Ontario’s health minister Deb Matthews announced this week that she is adding three further diseases to the list of illnesses against which children in the province must be vaccinated. It’s mandatory. Her move has been widely lauded by public health experts and medical ethicists. We have seen in recent months outbreaks of preventable illnesses in communities with unusually low vaccination rates. You might recall the most recent outbreak of measles in BC’s Fraser Valley where more than 200 children came down with the measles. The situation seems directly linked to a community objecting to vaccines on religious grounds. Don’t think of measles as a harmless kind of infection. More than 100.000 children die each year worldwide of this entirely preventable disease.
Why on earth would parents not wish to protect their children against a serious infectious but preventable disease? Well, some parents likely will simply forget, or think that it’s not that important. After all, if we have herd immunity you can with reasonable confidence become a non-vaccinated free-rider on your responsibly vaccinated fellow citizens. However, if lots of us choose to become such free-riders the risk of a disease outbreak increases quite dramatically. It’s simple maths really. In any case, it is probably fair to say that not getting your children vaccinated simply because you were too lazy or too selfish, aren’t terribly good ethical justifications for your omission to get your kids vaccinated.
Another possibility is that you belong to those misguided parents out there who have decided, typically based on conspiracy websites that I won’t even be mentioning here, that vaccines do all kinds of evil things and really you mean to protect your child from these evils. No doubt you’ll mention autism as an example of the evils caused by vaccines. Well, let me just tell you that the only peer reviewed research output supporting these claims has since been withdrawn by the journal that published it initially. The researcher who wrote the piece was found guilty of misconduct by a statutory medical council. Shown to be a fraudster he was barred from ever practicing medicine again in Britain. He still remains the posterboy of current-day anti-vaccine activists. What better hero than a medical researcher ‘censored’ by the ‘establishment’. In light of this, to my mind, it makes perfect sense for governments to protect children from parents prone to listening to conspiracy theorists. This is so because if you choose to run with the views of one convicted fraudster against the rest of the biomedical and public health research establishment you haven’t quite done your due diligence. It is that simple.
Let’s assume you’re neither too lazy to have your kids vaccinated nor prone to buying into, however ludicrous, conspiracy theories. What’s left? Funny enough, there is a reason left to you that our health minister (no doubt based on good legal advice) thinks is an acceptable reason. Deb Matthews notes that it could be acceptable for you to object on grounds of conscience, or, as she describes it: religious or philosophical reasons. Fair enough, you need to make your case and apply for an exemption. But, what kind of religious reason could that be? That your god kind of had it in for your kids and that if they catch the measles (and pass them on), it’s ‘God’s will’? Or is the idea that because your imaginary friend in the sky is defined as ‘perfect’ by you, and that that perfect being would not create us as anything other than perfect. So, why bother with vaccines then? Is that it?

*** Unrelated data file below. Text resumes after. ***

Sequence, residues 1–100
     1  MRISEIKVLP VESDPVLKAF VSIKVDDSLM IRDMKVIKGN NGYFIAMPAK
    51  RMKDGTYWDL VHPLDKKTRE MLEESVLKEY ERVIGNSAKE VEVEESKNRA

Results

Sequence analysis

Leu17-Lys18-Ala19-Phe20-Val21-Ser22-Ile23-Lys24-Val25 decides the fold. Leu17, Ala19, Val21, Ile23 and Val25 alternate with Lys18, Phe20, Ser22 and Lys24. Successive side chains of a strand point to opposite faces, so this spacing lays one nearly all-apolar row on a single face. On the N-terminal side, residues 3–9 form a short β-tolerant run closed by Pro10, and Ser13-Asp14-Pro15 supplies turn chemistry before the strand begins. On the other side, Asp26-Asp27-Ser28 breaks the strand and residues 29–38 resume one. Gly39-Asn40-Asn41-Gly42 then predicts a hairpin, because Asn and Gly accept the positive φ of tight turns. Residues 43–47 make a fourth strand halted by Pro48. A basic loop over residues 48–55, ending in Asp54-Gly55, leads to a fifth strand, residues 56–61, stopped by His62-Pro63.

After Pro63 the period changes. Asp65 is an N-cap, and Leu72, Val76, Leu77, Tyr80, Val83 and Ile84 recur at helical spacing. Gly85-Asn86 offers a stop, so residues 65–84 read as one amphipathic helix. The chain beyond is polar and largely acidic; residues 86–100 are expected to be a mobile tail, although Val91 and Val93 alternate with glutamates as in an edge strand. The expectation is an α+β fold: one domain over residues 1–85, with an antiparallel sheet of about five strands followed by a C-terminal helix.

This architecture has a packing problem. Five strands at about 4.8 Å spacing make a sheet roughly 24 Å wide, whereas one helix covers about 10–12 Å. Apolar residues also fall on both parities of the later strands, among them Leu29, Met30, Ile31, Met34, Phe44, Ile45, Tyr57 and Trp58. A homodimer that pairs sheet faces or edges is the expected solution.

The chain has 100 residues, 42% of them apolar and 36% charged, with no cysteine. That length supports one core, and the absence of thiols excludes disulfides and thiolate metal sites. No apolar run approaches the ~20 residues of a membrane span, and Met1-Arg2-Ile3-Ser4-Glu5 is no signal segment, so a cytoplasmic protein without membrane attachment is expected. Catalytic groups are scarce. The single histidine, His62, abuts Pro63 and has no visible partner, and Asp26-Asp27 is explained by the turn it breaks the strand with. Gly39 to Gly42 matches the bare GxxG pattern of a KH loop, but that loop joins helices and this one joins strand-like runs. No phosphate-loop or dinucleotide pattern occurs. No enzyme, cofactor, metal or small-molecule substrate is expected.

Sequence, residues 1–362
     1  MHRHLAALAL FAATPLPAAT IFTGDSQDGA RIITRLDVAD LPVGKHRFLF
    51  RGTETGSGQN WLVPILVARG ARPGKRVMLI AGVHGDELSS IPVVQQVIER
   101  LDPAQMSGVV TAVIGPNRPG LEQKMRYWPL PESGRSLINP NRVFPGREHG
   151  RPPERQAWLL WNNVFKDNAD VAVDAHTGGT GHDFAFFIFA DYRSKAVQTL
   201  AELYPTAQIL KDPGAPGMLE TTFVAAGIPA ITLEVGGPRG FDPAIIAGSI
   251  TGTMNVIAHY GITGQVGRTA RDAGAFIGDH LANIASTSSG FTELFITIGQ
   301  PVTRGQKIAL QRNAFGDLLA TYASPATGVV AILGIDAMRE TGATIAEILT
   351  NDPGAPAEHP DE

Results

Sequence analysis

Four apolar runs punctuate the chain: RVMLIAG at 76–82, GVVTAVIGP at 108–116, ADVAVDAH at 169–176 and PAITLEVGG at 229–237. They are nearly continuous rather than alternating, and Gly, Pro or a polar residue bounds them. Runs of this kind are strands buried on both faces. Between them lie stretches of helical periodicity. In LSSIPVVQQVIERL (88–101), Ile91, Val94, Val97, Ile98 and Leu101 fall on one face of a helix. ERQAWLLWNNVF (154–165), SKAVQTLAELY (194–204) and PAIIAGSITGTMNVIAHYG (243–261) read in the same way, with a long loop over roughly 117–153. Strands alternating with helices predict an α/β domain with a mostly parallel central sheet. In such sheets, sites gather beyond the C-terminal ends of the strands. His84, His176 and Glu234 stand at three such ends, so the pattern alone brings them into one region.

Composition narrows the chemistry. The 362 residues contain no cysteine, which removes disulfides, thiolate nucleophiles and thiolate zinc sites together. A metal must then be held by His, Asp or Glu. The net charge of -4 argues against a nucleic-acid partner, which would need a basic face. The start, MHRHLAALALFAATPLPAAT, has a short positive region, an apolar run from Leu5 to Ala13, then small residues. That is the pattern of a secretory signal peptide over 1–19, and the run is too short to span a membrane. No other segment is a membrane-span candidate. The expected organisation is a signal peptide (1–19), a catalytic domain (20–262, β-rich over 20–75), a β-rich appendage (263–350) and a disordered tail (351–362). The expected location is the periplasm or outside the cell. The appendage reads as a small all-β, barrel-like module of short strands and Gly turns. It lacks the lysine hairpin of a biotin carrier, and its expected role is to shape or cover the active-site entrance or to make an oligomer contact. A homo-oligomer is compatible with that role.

I’m flabbergasted about the tolerance we show toward folks objecting – against all the available evidence – to the compulsory vaccination of their children on religious grounds. They are not only risking their children’s health, they are also risking other people’s children’s health. There are always kids who suffer from a weakened immune system or who suffer from illnesses (such as cancer) that do not permit us to vaccinate them. They are put at grave risk by conscientiously objecting anti-vaccine parents.
What’s bothersome here is that, as a society, we ultimately prioritize the value of the parents’ religious convictions over their children’s well-being. I cannot see how that could possibly be ethically defended. Are we really saying that people’s clearly mistaken views about the universe matter more than the well-being of their children – and, indeed, that of other children? That’s what Minister Matthews’ religious and philosophical exemption clause ultimately boils down to. It is one thing to permit legally competent adults to make such choices for themselves, provided they are the only ones seriously affected by the consequences of their actions. Adult Jehovah’s Witnesses come to mind. If they wish to refuse life-preserving blood transfusions and bet on their imaginary friend in the sky, we should respect their choices, however, if they wish to place that bet for their vulnerable children, then surely society needs to step in and protect those children. The same holds true for children whose health is gambled with by their anti-vaccine parents. We should not tolerate religious cop-outs anymore than we tolerate parental convictions based on nonsensical conspiracy theories. Irresponsible parental conduct that is putting their children’s well-being at risk does not deserve societal accommodation.
Udo Schuklenk teaches bioethics at Queen’s University, he tweets @schuklenk.